What Is Carpal Tunnel, and Are Your Workouts to Blame? - Shape fitness Magazine

July 31, 2019

By Gabrielle Kassel

Overhead squats are the hardest exercise EVER. As a CrossFit coach and avid exerciser, this is a hill I’m willing to die on. One day, after some particularly heavy sets, even my wrists were sore. When I mentioned this to my coach, he said my tender wrists might be indicative of a larger issue. Cue: The sigh heard around the box.

Of course, I immediately went home and started googling my symptoms (I know, rookie mistake). Again and again, Dr. Google told me I had carpal tunnel syndrome. While a real doc assured me that I don’t have carpal tunnel syndrome (and that my forearm muscles were just sore), I wondered: Could you actually give yourself carpal tunnel with your workouts?

What Is Carpal Tunnel Syndrome?

Simply put, carpal tunnel syndrome is caused by a pinched nerve in the wrist—but to really understand what carpal tunnel is, you need a little Anatomy 101.

Turn your palm toward you and make a fist with your hand. See all those things move in your wrist? Those are tendons. “The hand is closed by nine tendons which run down the wrist and create a ‘tunnel’ (known as the ‘carpal tunnel’),” explains Alejandro Badia, M.D., board-certified hand, wrist, and upper extremity orthopedic surgeon with Badia Hand to Shoulder Center in FL. “Nestled in the middle of the tunnel is the median nerve, which runs from your forearm into your thumb and most of your fingers.” Surrounding the tendon is a lining called the tenosynovium. When this thickens, the diameter of the tunnel decreases, which can, in turn, compress the median nerve.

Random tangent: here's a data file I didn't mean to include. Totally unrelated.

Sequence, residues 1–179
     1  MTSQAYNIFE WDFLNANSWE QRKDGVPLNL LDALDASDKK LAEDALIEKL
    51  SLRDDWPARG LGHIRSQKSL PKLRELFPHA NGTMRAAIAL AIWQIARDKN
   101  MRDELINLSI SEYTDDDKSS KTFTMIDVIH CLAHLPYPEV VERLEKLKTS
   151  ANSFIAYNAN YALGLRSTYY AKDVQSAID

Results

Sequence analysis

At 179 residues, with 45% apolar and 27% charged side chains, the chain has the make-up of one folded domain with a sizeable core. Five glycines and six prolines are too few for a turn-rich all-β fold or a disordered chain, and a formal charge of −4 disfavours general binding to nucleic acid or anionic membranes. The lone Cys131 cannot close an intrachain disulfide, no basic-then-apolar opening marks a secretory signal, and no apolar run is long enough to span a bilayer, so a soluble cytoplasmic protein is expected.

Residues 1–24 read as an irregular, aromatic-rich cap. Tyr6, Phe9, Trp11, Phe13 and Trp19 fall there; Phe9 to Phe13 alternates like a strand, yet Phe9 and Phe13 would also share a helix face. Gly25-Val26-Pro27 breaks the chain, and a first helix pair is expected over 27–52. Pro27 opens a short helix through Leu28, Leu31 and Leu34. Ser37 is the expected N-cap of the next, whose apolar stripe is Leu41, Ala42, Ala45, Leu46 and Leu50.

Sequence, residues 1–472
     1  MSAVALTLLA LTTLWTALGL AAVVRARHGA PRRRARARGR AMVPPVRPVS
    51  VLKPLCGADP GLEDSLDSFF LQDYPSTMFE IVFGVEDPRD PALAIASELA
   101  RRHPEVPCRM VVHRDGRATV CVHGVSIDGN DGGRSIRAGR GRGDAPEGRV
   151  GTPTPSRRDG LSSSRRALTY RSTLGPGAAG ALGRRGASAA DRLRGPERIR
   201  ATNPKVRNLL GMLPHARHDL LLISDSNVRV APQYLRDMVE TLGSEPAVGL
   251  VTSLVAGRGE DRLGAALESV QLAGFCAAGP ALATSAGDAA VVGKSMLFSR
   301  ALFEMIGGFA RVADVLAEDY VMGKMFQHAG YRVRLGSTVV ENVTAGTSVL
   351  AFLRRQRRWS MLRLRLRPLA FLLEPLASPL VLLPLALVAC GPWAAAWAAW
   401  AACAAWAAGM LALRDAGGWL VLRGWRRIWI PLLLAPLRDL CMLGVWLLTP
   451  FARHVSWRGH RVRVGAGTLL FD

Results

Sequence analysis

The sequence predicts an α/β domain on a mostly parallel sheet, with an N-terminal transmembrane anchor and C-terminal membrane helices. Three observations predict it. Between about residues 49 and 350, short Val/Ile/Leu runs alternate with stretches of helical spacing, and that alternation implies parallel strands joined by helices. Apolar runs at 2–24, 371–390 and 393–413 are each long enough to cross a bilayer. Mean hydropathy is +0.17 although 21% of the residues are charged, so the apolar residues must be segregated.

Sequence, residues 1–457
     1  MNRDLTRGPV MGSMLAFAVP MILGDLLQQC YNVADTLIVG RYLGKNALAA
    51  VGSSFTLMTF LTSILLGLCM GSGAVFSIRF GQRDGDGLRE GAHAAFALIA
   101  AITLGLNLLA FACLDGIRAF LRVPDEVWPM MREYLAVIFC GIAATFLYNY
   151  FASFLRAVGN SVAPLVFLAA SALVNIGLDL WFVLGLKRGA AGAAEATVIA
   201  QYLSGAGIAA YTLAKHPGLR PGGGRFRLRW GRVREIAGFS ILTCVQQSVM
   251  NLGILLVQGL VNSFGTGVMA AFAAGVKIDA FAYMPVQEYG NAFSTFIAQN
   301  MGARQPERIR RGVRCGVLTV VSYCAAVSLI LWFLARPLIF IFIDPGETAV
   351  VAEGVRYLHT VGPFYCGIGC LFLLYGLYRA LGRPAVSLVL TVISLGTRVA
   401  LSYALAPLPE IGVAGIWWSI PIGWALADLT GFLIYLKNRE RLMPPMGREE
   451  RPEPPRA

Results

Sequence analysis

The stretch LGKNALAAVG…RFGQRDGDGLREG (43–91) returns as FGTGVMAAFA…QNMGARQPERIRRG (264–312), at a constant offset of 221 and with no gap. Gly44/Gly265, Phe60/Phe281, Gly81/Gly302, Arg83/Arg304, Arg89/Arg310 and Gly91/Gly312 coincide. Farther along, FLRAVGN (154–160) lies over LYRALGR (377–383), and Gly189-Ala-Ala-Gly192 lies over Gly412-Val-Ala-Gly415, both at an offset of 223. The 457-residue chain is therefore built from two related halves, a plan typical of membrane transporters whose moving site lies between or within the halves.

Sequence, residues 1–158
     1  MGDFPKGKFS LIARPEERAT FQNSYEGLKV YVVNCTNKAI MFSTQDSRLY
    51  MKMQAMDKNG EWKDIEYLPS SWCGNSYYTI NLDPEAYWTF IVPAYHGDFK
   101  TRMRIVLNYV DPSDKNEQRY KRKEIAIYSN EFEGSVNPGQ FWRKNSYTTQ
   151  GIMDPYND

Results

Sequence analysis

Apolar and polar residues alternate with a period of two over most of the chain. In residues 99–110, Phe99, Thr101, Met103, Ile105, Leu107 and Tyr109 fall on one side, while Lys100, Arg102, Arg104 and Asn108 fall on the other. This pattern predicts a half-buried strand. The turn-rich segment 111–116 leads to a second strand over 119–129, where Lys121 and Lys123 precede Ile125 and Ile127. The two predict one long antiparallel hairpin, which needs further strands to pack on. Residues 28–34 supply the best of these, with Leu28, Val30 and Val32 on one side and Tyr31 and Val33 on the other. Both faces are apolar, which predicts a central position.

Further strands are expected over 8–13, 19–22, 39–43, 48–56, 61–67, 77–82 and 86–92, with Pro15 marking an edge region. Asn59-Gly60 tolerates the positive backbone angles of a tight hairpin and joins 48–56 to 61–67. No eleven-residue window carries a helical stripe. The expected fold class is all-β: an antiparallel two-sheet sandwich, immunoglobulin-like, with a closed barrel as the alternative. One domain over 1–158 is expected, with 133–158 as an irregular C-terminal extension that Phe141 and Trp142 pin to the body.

That’s why the symptoms of carpal tunnel syndrome often include tingling or numbness in the hand, or aching, soreness, weakness and pain in the wrists and hands, says physical therapist Holly Herman, D.P.T., and author of How to Raise Children Without Breaking Your Back.

Sometimes a sign of carpal tunnel is a persistent ache that radiates into the first three fingers of the hand, but other times, “patients will report that it feels like their fingertips are going to explode,” says Dr. Badia. Many people who have carpal tunnel also report being woken up in the middle of the night from tingling or numbness in their hands.

What Causes Carpal Tunnel?

Anything that causes the body (specifically, the tendons and/or tenosynovium) to swell or retain water—and therefore, causes the carpal tunnel to narrow—can be linked to carpal tunnel syndrome.

Unfortunately, according to Dr. Badia, the number one risk factor of carpal tunnel is your sex (ugh). “Being a woman is one of the biggest culprits of carpal tunnel syndrome,” says Dr. Badia. In fact, women are three times more likely to have carpal tunnel than men, according to the National Institute of Neurological Disorders and Stroke. (FYI: Women are way more likely to tear their ACLs too.)

What gives? Well, the tenosynovium thickens in response to fluid retention and, as Dr. Badia explains, “Estrogen can cause you to retain water, which can cause the tendons and tenosynovium to swell and make the tunnel more narrow.” That’s why carpal tunnel syndrome is especially common during pregnancy and menstruation when estrogen levels naturally increase. 

Estrogen levels aren’t the only culprit; any condition that causes weight gain, fluid retention, or inflammation increases the risk of carpal tunnel. That’s why “diabetes, hypothyroidism, autoimmune disorders, and high blood pressure are also linked to the syndrome,” says Dr. Bandia. Even having a high-sodium (aka water-retaining) diet can exacerbate the symptoms.